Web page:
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The Brandt Line: Two Different Realities

Autor:   •  October 31, 2018  •  1,725 Words (7 Pages)  •  105 Views

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from an agrarian to an industrial society, helping the economy to grow. A process of economic interdependence, social, cultural, political and technological is called globalization that tends to even out culture, business, customs and thoughts (wikipedia.org). Everybody knows that attending school or university is expensive, and people from lower classes sometimes have to reduce their standards of living to give their children the opportunity to complete their studies. Because of poverty in Third World areas, such as South America or Africa, there is a high rate of illiteracy. In Asia and Africa there are 75 % of children are illiterate due to the need for money. They have to stop going to school and start to work (Rizzo). On the contrary, in European countries and United States of America, young people have great opportunities to complete their studies. The U.S. Department of Education requested $69.8 billion in discretionary funding for 2013 to have a high-quality education  (ed.gov). Unfortunately, not everybody has the same opportunity. Usually, many affluent people do not realize entirely how lucky they are and feel unhappy for secondary reasons. Many poor children would love to have as many opportunities as children from industrial countries. The difference between poor people and people from developed countries is that the modern society cannot appreciate everything that it has, because it is based on materialism. People in the underdeveloped countries fight everyday against hunger and illnesses.

In addition, health should be considered the most important thing and everybody should have the opportunity to take care of it. There are many illnesses in the world and sometimes they differ from one country to another one. In the developed countries people don’t die from illnesses as much as people in Third World countries. Life expectancy is very different between the two categories of countries. Every year more than one million of people die because of malaria. This rate corresponds to 80% of the people who live in sub-Saharan Africa. In Mali, malaria is the main cause of death to children under 5 years old (medicisenzafrontiere.it).  On the other hand, all developed countries spend a lot of money on Health Care. For example, several analysis showed that the U.S. spent an average of $9,086 per person annually in 2013 (commonwealthfund.org). It is terribly sad how many people die just because they don’t have enough money to cure their illnesses.  Even if there are many associations that send people in poor countries to volunteer and help poor populations, this problem is still widespread.  There is not a concrete solution to fix this issue, but I think that more people from developed countries must offer their help.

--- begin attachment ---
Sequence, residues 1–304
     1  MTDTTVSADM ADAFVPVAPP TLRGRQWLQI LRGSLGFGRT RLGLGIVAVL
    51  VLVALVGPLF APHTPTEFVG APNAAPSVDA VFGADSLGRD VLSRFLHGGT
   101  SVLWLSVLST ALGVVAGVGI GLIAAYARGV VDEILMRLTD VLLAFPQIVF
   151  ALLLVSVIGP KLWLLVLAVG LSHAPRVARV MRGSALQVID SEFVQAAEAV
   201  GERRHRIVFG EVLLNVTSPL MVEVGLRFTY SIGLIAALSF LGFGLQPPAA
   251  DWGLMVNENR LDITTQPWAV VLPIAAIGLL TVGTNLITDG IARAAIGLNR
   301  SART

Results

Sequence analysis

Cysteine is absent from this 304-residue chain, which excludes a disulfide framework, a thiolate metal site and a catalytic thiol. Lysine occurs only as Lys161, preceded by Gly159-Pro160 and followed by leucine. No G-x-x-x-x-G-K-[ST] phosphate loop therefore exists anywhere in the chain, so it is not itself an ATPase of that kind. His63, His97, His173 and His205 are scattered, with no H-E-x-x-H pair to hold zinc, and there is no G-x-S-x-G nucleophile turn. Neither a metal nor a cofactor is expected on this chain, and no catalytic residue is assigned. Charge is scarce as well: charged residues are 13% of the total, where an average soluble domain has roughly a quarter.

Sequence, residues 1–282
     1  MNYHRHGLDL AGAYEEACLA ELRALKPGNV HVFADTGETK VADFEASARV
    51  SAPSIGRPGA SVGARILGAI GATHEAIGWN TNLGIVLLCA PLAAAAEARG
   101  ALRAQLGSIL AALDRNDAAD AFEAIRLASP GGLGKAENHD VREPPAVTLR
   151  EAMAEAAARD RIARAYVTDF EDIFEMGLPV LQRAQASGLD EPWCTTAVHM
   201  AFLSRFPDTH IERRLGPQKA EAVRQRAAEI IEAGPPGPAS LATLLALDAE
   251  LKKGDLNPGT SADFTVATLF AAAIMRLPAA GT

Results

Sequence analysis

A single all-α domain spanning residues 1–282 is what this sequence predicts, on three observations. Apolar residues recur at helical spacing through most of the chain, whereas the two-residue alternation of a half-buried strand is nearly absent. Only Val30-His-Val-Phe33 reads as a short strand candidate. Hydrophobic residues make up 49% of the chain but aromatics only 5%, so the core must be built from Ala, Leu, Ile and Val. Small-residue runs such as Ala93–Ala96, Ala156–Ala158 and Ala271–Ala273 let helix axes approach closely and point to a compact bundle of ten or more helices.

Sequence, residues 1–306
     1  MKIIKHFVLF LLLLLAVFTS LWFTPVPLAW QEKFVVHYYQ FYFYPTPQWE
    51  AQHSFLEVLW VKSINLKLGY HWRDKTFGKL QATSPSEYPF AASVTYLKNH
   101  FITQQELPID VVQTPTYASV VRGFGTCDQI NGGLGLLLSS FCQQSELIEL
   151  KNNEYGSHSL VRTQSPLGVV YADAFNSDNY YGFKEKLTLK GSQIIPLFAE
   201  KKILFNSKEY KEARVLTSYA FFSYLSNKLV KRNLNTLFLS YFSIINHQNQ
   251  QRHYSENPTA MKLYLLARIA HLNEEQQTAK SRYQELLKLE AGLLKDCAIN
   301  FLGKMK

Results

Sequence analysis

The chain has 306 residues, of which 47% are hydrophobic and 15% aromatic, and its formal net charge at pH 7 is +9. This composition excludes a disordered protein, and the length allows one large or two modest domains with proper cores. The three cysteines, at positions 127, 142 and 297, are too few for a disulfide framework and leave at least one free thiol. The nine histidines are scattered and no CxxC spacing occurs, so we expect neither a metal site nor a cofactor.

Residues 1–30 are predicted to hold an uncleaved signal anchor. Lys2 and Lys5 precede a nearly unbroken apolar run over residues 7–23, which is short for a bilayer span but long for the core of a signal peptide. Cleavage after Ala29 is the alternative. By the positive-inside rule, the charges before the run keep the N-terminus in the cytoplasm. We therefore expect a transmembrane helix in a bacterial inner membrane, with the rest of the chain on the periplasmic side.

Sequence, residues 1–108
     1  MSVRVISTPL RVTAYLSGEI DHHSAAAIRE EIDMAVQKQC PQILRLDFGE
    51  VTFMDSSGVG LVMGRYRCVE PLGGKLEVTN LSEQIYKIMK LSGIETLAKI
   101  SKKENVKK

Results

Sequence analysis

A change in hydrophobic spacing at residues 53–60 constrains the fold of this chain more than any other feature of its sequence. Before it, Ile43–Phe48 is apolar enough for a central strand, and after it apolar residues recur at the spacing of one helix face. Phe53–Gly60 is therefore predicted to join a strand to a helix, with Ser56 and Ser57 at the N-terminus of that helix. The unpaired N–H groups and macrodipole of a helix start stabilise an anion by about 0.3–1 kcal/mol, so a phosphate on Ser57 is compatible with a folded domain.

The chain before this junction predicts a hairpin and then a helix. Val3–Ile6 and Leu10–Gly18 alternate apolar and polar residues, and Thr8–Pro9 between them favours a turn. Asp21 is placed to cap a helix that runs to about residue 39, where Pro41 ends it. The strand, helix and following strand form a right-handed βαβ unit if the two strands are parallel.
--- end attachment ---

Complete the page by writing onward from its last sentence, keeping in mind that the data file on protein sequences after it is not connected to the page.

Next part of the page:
In conclusion, I would like to reflect about the poverty that is spread across the world. Unfortunately, nowadays more than in the past, money could be considered the basis of everything. For example people need money to cure their health, to feed themselves or to buy a house where they can live with their family. Everyone should have the same opportunities, but sadly, most of the people who were born in underdeveloped countries are destined to fight every day for survival. Most of those people have lost the hope for a better life and I think that many people from the Western world cannot understand the real value of their life as much as people from poor countries. I think that everybody should go to countries in Africa, South America to open their eyes and to see what else there is beyond their privileged world. The challenge that all this poses is enormous. One may feel discouraged, scared and especially impressed by a sad and hard reality that some people face everyday. On the other hand, the importance to do all we can to alleviate the suffering of such a large part of our brothers and sisters should give many of us the moral incentive to devote attention, time and energy to help overcome the hurdles that belong to their daily lives. Everyone comes from different countries and has different cultures, but all of them live in the same place, the Earth. People should help each other, creating a global network of help, collective power and solidarity, because all of us are citizen of the world.

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